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General Category => Ingredients => Topic started by: Philbrew on November 20, 2014, 06:01:36 PM

Title: brewing with well water
Post by: Philbrew on November 20, 2014, 06:01:36 PM
Newbie here, Hermiston, Oregon.  I want to start home brewing (5-6 gal batches) ales and lagers using extracts.  I'm too lazy to boil 6 gal. of well water (from softener) to sterilize.  I read that 1/4-1/2 of a campden tablet will kill bacteria in that amount of water.  Will that affect yeast?  Our well water tastes good(after softener) but can sometimes get a funky odor in our water in the summer.
Title: Re: brewing with well water
Post by: a10t2 on November 20, 2014, 06:16:55 PM
Sulfiting at the recommended dosage (one tablet per gallon, BTW) will definitely inhibit yeast; that's what it's for. What effect it will have at <10% of that dosage, I'm not sure.

But softened water isn't appropriate for brewing anyway. Too much sodium, and it won't do anything about alkalinity, which is likely also too high when dealing with hard water. For extract brewing, that doesn't matter too much, so I'd start with your un-softened water and mix in some distilled or RO water if you have flavor issues.

As far as sanitizing, I'm assuming you're going to start with partial boils. The water used in the wort will be sanitized by boiling, and you can freeze the top-off water a couple days ahead of time to both sanitize it and get a head start on chilling.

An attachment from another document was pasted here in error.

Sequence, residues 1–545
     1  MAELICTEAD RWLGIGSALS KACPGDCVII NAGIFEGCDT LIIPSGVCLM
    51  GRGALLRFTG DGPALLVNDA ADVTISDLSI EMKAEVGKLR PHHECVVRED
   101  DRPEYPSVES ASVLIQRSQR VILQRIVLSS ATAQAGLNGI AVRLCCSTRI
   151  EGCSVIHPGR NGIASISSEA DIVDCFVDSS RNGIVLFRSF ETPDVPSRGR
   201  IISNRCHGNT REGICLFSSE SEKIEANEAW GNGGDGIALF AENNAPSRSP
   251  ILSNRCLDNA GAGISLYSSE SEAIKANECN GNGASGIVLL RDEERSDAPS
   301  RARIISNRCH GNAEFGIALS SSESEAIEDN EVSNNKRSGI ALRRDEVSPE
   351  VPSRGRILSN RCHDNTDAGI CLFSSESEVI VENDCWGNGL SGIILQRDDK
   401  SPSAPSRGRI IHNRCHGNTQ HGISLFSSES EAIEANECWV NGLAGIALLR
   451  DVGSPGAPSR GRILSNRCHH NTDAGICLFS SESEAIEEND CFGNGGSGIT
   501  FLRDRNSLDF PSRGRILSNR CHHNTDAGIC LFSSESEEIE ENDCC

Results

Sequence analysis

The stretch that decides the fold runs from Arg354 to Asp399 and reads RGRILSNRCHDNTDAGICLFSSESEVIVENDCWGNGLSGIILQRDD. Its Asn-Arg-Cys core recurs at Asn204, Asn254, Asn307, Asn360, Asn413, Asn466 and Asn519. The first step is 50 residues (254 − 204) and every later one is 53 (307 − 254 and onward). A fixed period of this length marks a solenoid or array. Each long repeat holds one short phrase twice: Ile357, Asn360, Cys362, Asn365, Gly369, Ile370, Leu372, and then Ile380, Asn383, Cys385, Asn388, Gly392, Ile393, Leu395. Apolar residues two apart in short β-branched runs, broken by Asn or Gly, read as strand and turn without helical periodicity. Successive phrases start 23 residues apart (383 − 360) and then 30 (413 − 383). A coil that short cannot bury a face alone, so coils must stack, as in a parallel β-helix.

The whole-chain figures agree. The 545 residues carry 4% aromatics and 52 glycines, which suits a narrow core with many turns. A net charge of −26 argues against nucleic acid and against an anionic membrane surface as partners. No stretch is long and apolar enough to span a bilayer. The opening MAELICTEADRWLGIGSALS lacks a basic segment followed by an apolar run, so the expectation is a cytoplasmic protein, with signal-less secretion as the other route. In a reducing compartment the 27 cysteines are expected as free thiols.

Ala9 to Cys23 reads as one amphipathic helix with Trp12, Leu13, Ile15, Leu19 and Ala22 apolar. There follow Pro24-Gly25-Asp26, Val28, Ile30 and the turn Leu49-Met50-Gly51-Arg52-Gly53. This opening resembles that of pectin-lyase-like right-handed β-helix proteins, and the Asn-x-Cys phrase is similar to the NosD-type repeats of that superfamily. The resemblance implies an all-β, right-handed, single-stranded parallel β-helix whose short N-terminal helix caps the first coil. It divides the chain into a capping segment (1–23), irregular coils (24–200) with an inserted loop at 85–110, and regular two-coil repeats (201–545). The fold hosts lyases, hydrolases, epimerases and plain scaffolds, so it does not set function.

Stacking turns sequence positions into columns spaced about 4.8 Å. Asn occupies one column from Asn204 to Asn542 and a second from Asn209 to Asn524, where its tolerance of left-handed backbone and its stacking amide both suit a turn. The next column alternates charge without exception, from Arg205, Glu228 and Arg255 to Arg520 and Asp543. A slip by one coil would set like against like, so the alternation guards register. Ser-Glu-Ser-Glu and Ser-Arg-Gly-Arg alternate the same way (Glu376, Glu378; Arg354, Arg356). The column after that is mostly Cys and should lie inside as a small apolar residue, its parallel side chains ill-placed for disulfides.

Title: Re: brewing with well water
Post by: jimmykx250 on November 20, 2014, 06:17:15 PM
I'm on a well and have the same issues as you. I have just been buying 5 gal jugs of Hinckley and Schmidt and the bal is from the softener and I have no problems. 
Title: Re: brewing with well water
Post by: dmtaylor on November 20, 2014, 06:46:43 PM
It sounds like you want to do no-boil with extract.  I've never tried this before, but I think it could work, if you pay extra special attention to sanitation and yeast health, and don't take any shortcuts.

Like you were thinking, you'll need to pre-treat all of your water with Campden.  The right dose I believe is 1-2 tablets per gallon, crushed, and you'll want to add it to all of your water in bulk about 2-3 days ahead of time.  Otherwise if you don't wait for days, the Campden will kill your beer yeast in addition to everything else.

Softener water is okay, but like a10t2 said, it might end up tasting salty from the sodium.  You could counter this by adding RO or distilled water, perhaps at a 50/50 ratio.  I would not use your raw well water, which I would guess is relatively hard and nasty.  Soft water is a must for extract beers.

Sanitation of your fermenter and stirring spoon and all equipment will be of the utmost importance.  Use a good quality sanitizer such as StarSan to sanitize everything in accordance with manufacturer's instructions.

Yeast is another factor.  You'll need to pitch sufficient healthy yeast.  You can use the calculator at mrmalty.com to ensure you're using enough yeast.  If you use liquid yeast, a yeast starter is absolutely essential -- not optional.  If you use dry yeast, you'll need to pitch enough packs of it per the calculator.  Don't skimp on the yeast.